So what a lot of people will do around here is they might look at someplace like Tipp City. So they can't find a home in Dayton for 0% down, but any home up here in Tip City qualifies for 0% down, as long as you qualify for a USDA loan.
Now, quick note, before we go into the income limit here and the qualifications for USDA is that if you're looking for a helpful real estate agent or helpful loan officer, you can check out WTHYL - Referral. We've helped thousands of people take the next step into connecting with a real estate agent or connecting with a loan officer to get their preapproval started.
So in Zillow, I'm gonna look at Dayton and let's pull up a map. So plenty of homes in Dayton here. We wanna look up here in Tipp City. Now, something we need to know first before we look at some of these homes is USDA doesn't have a loan limit. Instead, they have an income limit that changes based on the county that you're in.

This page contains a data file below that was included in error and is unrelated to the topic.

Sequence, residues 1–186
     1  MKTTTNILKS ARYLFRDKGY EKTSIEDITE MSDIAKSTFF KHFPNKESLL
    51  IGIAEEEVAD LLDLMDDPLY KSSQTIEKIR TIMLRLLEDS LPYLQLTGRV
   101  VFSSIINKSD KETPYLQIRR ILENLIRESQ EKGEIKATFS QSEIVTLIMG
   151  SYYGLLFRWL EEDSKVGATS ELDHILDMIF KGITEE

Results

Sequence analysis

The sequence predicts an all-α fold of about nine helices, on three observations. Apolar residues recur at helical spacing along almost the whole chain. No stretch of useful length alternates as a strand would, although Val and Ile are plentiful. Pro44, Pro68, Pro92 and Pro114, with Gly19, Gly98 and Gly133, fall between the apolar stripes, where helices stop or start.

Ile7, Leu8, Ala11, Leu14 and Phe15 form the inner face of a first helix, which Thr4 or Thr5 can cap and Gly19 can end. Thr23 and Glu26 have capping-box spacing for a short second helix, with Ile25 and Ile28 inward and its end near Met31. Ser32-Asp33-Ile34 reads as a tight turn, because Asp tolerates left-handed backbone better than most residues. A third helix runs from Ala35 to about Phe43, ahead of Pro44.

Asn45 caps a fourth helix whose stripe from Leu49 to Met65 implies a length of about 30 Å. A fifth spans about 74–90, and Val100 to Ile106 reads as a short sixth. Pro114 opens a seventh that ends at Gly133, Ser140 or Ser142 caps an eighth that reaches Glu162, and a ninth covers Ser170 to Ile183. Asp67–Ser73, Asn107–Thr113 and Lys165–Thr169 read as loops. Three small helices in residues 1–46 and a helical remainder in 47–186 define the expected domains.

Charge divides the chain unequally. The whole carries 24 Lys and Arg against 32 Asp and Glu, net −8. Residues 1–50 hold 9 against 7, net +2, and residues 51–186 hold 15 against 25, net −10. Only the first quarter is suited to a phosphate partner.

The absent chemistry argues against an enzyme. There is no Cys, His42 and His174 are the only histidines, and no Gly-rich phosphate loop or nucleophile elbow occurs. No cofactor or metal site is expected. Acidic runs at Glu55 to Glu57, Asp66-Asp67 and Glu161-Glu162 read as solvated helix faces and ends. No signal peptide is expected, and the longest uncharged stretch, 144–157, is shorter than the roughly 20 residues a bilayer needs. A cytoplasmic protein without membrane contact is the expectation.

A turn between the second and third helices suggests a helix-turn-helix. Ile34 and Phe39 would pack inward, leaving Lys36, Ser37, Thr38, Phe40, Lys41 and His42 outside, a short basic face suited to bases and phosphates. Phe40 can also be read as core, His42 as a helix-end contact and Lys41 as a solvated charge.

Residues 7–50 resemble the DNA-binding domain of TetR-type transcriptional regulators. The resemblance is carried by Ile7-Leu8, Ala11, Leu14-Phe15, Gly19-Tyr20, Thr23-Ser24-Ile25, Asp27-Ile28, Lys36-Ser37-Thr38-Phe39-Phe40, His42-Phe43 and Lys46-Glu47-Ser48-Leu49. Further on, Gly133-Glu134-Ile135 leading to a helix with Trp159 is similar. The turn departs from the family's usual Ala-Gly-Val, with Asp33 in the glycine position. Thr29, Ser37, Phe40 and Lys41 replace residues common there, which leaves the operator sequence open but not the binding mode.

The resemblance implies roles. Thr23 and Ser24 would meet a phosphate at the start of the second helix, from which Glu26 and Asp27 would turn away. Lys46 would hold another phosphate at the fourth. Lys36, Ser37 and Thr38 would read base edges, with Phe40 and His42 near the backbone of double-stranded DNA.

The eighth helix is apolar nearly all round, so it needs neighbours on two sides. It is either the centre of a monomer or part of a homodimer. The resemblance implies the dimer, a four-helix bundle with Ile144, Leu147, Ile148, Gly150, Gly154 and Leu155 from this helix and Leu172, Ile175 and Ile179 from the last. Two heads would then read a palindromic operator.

So we're gonna use this same webpage here for USDA and go to income eligibility. Once you're there, you can go ahead and pick the state and the county. Then you can put in how many people are in the household and they make you put in your income. You can put anything in there and it will show you the maximum for your county then you can click "Finish". So sometimes it will say that we don't meet the income limit. That's okay. I just wanna know what the income limit is.
So we can see there the maximum adjusted household income is $103,500. So we can't make more than that. If you make more than that, then you won't qualify for the USDA loan. So as long as you make it under that, we can qualify USDA. Now from there, I wanna get a better idea of what home I could afford. So we're gonna keep this in mind, $103,000.
I'm gonna go to my Max Purchase Price Calculator. What it does is it takes your scenario and it will help you find what estimated maximum purchase prices, along with the monthly payment closing costs, and walk you through all of the numbers there.